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Strategic Metals that make your Computer Work
The computers we use on a daily basis are an intricate piece of machinery. So I guess it just stands to reason that there are a plethora of materials that is necessary with making them operate. In terms of metals alones, most computers contain fractions of minor metals, precious metals, rare earths and rare strategic metals. Some of these materials are extremely rare and most are quite expensive. Here, we are going to take a short journey through your computer to see what metals make it work.
The hard disk is made from either a metal or glass. The metal versions are made with a combination of aluminum and magnesium. The layers on the disk can be made up of many different materials. The outer coating is generally NiP which is a nickel phosphorous alloy that can be brought to a high polish while underneath the polished layer you can find the magnetic layer which consists of cobalt, iron and nickel. Beneath this layer we find the recording layer which contains metals like platinum, chromium and cobalt.
For years, memory and processors have been composed mainly of silicon. However, over the last few years a rare strategic metal called hafnium has been added to improve the performance of the chips. Hafnium is a critical metal that is quite rare. The other highly valuable metal used in the processors is gold. If you look closely at a processor all the pins are coated with gold.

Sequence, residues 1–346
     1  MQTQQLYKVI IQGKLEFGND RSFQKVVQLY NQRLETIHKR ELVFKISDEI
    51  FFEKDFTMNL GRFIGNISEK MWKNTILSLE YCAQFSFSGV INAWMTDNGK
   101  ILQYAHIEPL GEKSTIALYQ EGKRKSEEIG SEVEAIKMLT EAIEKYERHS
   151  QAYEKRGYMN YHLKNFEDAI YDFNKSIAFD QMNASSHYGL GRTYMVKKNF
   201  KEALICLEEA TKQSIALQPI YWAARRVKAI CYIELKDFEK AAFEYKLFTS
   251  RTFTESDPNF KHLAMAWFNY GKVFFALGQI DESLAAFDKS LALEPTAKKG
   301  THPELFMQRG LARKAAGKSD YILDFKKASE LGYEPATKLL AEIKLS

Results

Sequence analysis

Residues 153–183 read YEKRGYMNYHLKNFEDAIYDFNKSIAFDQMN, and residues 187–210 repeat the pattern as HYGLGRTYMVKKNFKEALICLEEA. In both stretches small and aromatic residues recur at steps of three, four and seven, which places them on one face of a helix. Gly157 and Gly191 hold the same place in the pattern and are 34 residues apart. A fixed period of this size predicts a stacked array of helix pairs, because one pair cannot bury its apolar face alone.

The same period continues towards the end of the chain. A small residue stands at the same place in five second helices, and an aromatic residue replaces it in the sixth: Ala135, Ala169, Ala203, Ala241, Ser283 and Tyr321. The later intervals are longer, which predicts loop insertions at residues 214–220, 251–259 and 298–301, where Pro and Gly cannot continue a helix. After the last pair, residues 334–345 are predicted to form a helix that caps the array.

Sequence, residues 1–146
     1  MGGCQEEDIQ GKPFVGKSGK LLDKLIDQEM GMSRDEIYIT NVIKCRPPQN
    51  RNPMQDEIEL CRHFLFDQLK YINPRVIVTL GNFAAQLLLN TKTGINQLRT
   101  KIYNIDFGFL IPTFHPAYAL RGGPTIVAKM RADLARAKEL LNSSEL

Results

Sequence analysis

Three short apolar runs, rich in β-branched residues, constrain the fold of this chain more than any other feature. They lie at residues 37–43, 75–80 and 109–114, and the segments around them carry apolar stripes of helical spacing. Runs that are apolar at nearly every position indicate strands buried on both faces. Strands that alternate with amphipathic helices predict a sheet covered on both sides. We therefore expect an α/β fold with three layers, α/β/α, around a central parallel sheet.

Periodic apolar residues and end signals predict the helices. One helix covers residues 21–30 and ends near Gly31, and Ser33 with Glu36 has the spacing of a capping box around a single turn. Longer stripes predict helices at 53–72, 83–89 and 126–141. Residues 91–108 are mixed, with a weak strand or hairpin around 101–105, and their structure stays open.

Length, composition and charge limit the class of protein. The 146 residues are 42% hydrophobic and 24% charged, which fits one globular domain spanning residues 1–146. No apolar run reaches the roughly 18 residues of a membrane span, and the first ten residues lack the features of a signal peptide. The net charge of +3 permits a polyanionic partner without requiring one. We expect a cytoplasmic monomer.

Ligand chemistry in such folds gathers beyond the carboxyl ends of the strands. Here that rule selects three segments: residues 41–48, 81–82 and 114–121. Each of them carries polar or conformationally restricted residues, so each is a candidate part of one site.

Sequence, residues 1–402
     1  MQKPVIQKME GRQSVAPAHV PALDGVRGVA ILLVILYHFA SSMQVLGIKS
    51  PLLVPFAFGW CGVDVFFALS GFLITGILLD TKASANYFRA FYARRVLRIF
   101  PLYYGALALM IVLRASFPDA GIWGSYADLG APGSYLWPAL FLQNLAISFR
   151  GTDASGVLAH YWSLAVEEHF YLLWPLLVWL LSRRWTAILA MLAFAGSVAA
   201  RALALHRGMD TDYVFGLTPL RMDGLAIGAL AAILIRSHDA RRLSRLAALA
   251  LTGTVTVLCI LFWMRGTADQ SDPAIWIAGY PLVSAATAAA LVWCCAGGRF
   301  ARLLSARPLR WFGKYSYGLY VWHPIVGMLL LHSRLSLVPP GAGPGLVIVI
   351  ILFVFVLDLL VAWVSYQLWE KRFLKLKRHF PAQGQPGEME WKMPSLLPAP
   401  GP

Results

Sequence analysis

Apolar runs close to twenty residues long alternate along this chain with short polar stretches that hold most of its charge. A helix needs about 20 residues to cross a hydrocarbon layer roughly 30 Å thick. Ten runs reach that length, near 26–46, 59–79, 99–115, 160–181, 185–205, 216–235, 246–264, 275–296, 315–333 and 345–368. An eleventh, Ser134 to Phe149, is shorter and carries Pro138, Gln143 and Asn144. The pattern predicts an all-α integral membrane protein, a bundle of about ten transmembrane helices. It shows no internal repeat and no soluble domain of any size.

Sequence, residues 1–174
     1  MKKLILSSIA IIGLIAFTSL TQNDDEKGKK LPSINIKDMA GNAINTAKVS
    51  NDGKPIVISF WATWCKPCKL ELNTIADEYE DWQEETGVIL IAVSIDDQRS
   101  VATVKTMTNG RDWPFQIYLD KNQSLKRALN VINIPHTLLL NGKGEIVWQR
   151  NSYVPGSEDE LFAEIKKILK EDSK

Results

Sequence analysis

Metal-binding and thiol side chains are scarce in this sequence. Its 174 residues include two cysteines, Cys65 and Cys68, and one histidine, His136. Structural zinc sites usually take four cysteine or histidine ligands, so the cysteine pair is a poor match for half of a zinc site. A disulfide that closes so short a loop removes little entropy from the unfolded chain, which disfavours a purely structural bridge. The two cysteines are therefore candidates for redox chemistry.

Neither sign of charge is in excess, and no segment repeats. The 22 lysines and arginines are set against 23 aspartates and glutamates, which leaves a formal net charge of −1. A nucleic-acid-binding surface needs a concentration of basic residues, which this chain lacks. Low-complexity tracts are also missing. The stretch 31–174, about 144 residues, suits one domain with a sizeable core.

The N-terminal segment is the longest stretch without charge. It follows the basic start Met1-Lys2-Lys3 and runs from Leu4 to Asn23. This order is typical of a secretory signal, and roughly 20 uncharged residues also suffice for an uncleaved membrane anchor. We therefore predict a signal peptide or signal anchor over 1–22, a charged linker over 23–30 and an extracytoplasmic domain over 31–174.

The disk drive consists of powerful magnets. The magnets themselves consist of neodymium which is a rare earth metal. Neodymium is mixed with iron and boron to form a magnet that can lift up to 1000X its own weight.
The capacitors and resistors on the motherboard are a combination of many different metals. Resistors are mainly composed of aluminum oxide but at each end you may find palladium, platinum and silver electrodes. The most common capacitors today utilize another rare strategic metal called tantalum. It is this material that has made it possible to reduce the size of many of our current personal electronics.
The metals that connect all of these components together are copper for the wiring and a silver, tin and copper alloy in the solder.
Over fifty metals are used to bring us the computers that we use on a daily basis. According to both the United States & British Geological Survey’s, many of these metals are in critical supply. Governments in the West have shown a lack of tolerance towards the opening of new mines that would clearly assist in fulfilling the demand of the growing ‘personal electronics market’. Growing demand and dwindling supplies mean there is an obvious opportunity for future profit!